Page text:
The effective leader has learned that effective, healthy ministry is not a one-man show. Instead, it consists in viewing relationships as the means and end of effective ministry implementation. Anything of lasting value and impact in the church happens, by Gods design, through a continuous process of developing an ever-enlarging sphere of healthy relationships directed, encouraged, and deployed into effective Kingdom service. Take a member out for lunch this week (and if you do it often, be sure to eat lots of salad!).
Effective ministers are not constantly looking for the greener grass of other churches or ministries. Instead, they embrace a contentment of serving God which comes from a sense that they really are serving God. Whether its where they are now or somewhere else really doesnt matter.
What does matter is the unmistakable conviction that they understand that God sees their ministry from the perspective of an entire lifetime. This perspective helps them to move away from short-term perspective of gains or losses toward a broader perspective that sees conflict, decline, growth and peace as part of the normal, expected congregational life cycle.
Furthermore, effective ministers recognize that if God really wants them somewhere, theres nothing they can do to stop it. God builds His Church as He chooses, according to His plan. Our destiny is to be willing to let the Potter shape and mold the clay in ways only He can determine are best. Jack Hayford said it best,
God is not so much interest in what I am now
as He is in what I am becoming.
Do effective leaders intentionally plan a lasting legacy? Perhaps one cant always say. There are many examples of ordinary people who, without being placed in extraordinary circumstances, would not be considered heroes. Winston Churchill, Abraham Lincoln, and many biblical figures such as Queen Esther, Moses, Joseph, St. Paul, and Mary, Jesus mother are just some which come to mind.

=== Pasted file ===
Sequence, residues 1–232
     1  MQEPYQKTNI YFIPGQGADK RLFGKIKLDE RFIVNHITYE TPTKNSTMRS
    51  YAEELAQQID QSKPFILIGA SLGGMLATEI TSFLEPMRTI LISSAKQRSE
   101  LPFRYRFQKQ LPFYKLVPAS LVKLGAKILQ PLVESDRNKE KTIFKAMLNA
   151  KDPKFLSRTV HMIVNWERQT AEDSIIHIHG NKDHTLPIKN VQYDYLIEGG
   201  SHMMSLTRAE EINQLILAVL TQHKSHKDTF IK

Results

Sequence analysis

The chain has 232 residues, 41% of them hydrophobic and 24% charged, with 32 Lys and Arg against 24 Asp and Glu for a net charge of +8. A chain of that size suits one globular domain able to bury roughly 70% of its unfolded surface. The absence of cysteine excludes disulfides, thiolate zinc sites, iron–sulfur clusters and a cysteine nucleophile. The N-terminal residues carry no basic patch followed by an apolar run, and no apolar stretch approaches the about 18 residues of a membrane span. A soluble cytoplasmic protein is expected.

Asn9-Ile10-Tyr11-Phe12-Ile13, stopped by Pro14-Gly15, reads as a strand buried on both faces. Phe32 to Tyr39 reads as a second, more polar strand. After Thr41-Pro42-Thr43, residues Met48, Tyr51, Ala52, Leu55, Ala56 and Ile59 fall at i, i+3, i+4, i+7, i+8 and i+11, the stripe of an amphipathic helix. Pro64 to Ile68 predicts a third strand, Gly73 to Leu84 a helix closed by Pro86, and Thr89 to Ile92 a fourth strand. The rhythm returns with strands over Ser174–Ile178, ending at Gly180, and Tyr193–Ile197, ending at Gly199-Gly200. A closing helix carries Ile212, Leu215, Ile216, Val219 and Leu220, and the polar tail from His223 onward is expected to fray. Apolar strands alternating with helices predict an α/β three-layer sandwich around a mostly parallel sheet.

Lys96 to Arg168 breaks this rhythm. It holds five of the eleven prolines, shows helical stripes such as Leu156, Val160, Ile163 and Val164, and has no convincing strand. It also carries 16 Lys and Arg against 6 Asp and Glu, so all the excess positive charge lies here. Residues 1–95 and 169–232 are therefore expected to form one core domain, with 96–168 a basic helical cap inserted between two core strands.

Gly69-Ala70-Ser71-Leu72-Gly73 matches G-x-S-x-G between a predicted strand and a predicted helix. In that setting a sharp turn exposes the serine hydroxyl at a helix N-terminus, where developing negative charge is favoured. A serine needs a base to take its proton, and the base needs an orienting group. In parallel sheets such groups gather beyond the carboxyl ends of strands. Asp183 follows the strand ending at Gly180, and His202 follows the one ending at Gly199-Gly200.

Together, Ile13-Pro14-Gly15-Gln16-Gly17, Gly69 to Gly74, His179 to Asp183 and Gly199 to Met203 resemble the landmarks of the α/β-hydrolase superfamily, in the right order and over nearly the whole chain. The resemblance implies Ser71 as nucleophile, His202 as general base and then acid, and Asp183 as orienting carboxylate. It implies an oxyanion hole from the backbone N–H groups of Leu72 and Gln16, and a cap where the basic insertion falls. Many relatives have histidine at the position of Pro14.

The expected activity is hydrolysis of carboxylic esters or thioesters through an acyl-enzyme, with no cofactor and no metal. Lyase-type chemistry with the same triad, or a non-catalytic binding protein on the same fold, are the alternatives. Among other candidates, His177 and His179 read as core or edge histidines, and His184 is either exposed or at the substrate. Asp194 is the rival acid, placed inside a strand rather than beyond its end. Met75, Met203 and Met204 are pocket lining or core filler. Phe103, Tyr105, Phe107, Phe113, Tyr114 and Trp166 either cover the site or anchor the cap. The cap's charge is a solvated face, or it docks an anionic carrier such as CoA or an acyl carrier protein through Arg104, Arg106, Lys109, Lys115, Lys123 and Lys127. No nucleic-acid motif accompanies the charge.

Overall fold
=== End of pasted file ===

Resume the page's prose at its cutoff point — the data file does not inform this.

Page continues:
What characterizes those with lasting legacies is that they werent looking for self-aggrandizement. However, whenever God provided an opportunity, a fire within them, they addressed the situation with faith, boldness and the assurance only that God would be with them. God used their humility of faith and made from them a lasting legacy.
Effective leaders have an eye for Gods personal leading in their lives;they are also willing to put out extraordinary efforts and sacrifice to follow that leading. It is, I believe, this quietbut relentless--seeking after the heart of God for Gods personal calling for their lives that causes effective ministers examine their God-given gifts and experiences. Then, in their humble response to the awe of Gods grace, these ministers fulfill their God-given unquenchable passion in a way that results in a lasting legacy.
Some ministers will have few lasting legacies; others have many. In the end, how many one has depends entirely on the talents which God has graciously given to His servants (Matthew 25:14ff). Whatever legacy He has in mind for us, our greatest response is simply to be faithful to His calling.
Thomas F. Fischer
MH Editor's Note: For further reading I suggest chapter 10 of George Barnas Book, Leaders on Leadership, in which J. Robert Clinton and Richard W. Clinton discuss the Life Cycle of a Leader.
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This page was revised on: Tuesday, October 05, 2004 11:03:03 PM